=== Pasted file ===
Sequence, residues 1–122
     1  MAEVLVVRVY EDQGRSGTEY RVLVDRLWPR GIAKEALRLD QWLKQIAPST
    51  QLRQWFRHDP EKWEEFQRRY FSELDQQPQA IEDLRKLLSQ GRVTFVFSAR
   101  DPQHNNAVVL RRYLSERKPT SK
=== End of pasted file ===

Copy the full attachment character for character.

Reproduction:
Sequence, residues 1–122
     1  MAEVLVVRVY EDQGRSGTEY RVLVDRLWPR GIAKEALRLD QWLKQIAPST
    51  QLRQWFRHDP EKWEEFQRRY FSELDQQPQA IEDLRKLLSQ GRVTFVFSAR
   101  DPQHNNAVVL RRYLSERKPT SK